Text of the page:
Silhouette art entrepreneur Vana Chupp built Le Papier Sudio by taking a distinctive idea and making it marketable. In her papercraft book “Silhouette Art,” (Chronicle) she shares her technique for creating hand-crafted silhouettes and applying them to heirlooms and everyday household items. Here, she sheds light on her experience growing a craft company. “I feel blessed to be doing what I do,” says Chupp.
How did your architecture background influence your work with crafts and with opening your business, Le Papier Studio? I've always been passionate about handmade things. Having trained as an architect earlier on helped me streamline my creative ideas and find a focal point on my craft.
You’ve created a brand for yourself with Le Papier Studio that is based on doing one thing well and using it for a lot of different applications. Do you think this focus and consistency has helped market your products?
Earlier on I created a niche, offering my service of not only creating custom silhouettes, but also applying them on various products, such as stationery, prints, jewelry, housewares, etc. This helped me determine my brand's identity. I quickly found out people loved the idea so I continued — and still do — to develop it.
Your business, Le Papier Studio, does a lot of customized silhouette design. What is it like building a clientèle base and growing as a company?
I enjoy seeing the reaction on my customers' faces each time they get to approve a proof. Interacting with them has helped me understand what they want and learn how to address their needs accordingly.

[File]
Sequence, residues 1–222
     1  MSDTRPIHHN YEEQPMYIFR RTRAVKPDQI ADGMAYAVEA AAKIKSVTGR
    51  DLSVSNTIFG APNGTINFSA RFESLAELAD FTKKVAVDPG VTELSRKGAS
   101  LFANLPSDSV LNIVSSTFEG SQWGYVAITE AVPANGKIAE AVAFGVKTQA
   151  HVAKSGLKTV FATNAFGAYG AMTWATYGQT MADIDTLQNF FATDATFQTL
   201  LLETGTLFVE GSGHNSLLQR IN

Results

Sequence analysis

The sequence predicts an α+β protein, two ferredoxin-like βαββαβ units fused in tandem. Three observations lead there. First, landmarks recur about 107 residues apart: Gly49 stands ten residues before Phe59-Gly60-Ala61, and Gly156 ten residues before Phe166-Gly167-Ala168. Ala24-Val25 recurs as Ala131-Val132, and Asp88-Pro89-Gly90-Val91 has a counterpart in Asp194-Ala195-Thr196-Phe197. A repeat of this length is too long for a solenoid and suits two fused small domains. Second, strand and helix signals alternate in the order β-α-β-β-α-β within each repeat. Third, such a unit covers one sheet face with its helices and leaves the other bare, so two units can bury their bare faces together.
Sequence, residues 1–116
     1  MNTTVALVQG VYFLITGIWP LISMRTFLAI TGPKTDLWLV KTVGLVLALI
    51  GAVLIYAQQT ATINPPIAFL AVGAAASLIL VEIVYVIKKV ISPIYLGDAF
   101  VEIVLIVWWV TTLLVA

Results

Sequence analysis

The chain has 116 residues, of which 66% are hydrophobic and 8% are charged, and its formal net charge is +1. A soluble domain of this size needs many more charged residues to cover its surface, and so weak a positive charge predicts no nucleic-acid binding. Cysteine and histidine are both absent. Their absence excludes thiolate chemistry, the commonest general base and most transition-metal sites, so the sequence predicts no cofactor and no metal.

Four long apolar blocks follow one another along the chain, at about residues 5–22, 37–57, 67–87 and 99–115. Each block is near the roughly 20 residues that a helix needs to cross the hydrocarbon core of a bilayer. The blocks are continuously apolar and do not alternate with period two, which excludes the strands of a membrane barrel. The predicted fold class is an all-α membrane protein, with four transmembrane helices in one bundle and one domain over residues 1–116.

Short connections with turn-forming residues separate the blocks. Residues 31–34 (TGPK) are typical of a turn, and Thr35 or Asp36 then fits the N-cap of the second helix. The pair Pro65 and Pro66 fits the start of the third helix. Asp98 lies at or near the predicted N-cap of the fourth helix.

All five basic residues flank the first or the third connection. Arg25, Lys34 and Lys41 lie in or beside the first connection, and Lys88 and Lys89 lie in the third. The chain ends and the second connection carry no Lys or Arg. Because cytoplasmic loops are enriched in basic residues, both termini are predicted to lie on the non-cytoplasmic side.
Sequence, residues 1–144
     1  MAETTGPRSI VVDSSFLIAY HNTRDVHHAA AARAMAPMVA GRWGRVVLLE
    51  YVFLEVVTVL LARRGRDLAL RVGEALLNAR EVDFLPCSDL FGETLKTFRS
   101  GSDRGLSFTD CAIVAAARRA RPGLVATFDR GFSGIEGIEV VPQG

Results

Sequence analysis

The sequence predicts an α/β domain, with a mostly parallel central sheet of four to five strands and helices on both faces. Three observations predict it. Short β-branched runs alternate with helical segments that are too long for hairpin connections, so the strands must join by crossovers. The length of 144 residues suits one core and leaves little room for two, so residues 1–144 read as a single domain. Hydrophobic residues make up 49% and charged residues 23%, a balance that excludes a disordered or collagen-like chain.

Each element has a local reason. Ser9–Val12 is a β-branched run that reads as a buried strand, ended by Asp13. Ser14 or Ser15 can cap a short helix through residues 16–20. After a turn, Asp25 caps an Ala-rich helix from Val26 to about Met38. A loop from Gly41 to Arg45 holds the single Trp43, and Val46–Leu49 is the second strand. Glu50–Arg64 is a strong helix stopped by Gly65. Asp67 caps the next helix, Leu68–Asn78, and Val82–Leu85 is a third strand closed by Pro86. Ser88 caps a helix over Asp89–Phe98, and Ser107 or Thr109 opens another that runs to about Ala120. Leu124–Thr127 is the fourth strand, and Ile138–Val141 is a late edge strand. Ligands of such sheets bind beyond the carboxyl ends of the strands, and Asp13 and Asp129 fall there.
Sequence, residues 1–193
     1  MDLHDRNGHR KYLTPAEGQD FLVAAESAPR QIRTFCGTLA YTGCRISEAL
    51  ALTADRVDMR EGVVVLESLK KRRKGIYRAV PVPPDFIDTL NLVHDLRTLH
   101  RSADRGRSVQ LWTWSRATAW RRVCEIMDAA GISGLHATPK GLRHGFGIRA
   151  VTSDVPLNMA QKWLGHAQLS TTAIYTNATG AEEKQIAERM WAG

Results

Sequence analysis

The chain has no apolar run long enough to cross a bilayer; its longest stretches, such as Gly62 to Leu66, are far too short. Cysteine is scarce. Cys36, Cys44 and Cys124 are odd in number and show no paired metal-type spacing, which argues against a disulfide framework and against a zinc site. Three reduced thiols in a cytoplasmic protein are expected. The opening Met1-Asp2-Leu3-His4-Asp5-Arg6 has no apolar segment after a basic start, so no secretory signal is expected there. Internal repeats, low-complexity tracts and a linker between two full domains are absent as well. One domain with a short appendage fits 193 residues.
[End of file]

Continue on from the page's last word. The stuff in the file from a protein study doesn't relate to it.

In your book "Silhouette Art" you list two ways of creating silhouettes, digitally and hand-cut. Are there certain crafts that call for one technique over the other? What are the advantages of each style?
Both techniques are great and give wonderful results. I personally prefer and use mostly the modern [digital] way. The advantage is that once a silhouette has been created, it can be applied to various surfaces and products fairly quickly, such as invitations, stationery, prints, jewelry, fabric, and so on. They both require a unique craftsmanship.
Are you following any current craft blogs or sites?
I follow a few blogs which inspire me daily including subjects like photography, cooking and traveling. Although, I pay frequent visits to the craft blog http://www.handmadenews.org.
Photo credits: All Images from "Silhouette Art" except the picture of Vana Chupp by Imaginative Studios.